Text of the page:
The imaginative architecture of many Columbus buildings has humble beginnings that can be traced back to a teenager’s notebook scribblings. David Rectenwald, a Columbus architect who works for Urban Design, is one of those people whose career chose him at a very young age.
“I was always interested in drawing and taking art classes,” Rectenwald says. “It wasn’t until later that I realized I really enjoyed the challenge of the technical side of architecture, as well.”
Originally from Cleveland, Rectenwald came to Columbus to go to OSU, and later returned back to make it his home. Rectenwald’s been keeping busy at Urban Design by fixing up interiors of older buildings for a large real estate company, while also designing developments at places like Buckeye Lake, where the final product is influenced by the natural beauty of the area.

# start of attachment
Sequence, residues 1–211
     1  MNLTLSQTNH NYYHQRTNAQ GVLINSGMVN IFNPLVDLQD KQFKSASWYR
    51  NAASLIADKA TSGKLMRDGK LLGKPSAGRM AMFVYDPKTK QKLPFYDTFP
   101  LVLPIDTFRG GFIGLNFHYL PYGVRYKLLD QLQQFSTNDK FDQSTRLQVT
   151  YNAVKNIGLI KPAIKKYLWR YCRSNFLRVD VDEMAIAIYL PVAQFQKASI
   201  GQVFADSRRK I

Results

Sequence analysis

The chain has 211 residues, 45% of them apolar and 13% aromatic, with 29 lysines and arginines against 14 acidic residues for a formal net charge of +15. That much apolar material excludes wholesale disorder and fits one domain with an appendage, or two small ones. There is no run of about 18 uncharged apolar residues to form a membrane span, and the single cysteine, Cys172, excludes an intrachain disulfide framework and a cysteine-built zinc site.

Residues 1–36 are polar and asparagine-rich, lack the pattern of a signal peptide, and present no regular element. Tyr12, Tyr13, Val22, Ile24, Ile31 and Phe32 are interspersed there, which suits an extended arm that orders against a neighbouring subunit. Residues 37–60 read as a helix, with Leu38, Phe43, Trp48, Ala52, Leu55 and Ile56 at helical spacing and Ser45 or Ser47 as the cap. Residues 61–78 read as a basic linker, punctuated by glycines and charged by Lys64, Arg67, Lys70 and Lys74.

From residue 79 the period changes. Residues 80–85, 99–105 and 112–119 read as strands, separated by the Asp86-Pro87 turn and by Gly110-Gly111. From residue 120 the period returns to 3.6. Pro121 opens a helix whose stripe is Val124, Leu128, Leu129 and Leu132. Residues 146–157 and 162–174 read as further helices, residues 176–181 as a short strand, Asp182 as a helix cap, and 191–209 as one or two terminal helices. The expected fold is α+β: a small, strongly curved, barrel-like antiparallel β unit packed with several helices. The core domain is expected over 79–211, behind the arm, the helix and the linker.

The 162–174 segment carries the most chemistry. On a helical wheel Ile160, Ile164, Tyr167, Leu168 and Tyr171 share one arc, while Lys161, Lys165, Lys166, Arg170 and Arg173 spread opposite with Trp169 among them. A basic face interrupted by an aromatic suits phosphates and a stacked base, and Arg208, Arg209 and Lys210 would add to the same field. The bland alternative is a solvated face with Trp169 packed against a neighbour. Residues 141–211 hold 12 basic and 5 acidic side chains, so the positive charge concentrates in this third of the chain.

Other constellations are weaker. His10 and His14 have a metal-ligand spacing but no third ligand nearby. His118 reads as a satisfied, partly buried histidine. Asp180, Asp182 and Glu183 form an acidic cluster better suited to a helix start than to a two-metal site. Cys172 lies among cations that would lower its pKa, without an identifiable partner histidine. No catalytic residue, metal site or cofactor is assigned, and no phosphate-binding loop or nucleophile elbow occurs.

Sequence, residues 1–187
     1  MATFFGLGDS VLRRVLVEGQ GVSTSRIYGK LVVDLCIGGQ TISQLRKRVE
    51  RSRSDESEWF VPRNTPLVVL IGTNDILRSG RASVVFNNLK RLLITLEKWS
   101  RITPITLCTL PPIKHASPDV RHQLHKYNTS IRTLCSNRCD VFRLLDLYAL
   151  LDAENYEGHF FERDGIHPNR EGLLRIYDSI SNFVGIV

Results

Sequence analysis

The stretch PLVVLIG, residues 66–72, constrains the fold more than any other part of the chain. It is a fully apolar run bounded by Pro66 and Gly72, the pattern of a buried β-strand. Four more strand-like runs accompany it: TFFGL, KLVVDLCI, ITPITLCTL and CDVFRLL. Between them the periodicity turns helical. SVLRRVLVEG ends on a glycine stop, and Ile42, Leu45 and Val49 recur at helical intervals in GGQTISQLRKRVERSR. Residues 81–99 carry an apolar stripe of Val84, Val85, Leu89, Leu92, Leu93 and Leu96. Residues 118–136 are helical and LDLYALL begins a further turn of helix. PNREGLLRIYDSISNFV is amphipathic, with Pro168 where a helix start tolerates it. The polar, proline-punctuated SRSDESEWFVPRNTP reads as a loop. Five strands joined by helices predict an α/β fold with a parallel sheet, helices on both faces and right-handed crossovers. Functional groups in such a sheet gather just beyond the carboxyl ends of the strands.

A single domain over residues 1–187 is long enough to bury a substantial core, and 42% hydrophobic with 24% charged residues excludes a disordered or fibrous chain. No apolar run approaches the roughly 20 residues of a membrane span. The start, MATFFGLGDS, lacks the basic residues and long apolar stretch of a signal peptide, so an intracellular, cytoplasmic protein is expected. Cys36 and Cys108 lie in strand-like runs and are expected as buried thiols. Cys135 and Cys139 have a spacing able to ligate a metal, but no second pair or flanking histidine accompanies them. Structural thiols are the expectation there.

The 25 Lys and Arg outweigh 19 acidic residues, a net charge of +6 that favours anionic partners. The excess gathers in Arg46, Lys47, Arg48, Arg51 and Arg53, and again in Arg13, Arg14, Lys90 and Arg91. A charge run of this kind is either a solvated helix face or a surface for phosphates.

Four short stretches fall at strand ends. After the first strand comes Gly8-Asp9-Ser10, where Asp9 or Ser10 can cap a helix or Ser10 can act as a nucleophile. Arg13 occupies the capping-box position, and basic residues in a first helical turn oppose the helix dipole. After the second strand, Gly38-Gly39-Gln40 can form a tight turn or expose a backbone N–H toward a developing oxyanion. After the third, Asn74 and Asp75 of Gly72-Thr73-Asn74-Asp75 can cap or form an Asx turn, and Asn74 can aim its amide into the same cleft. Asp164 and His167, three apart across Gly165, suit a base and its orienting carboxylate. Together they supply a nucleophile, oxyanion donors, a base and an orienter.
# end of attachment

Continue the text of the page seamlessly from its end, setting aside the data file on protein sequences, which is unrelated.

“We try to cater what we do to the project and to the client,” Rectenwald says. “Every project is different and needs a design that will work the best under the circumstances.”
From Compass Pointe, the Buckeye Lake development, to some of his more current projects, like the interior renovation of the historic Worly Building in the Brewery District, Urban Design takes an approach that is unorthodox for an architect, but makes it work. In a perfect world, they would only deal with the creative aspect of architecture, but the business side of the industry requires the majority of their attention—and the ever-expanding Columbus area keeps them very busy.
Rectenwald sees a lot of potential in downtown Columbus and feels that a resurgence is only in its beginning stages.
“There is a lot of energy and youth in Columbus,” Rectenwald says. “There’s a lot of projects going on downtown that are going to pump more life into the area.”
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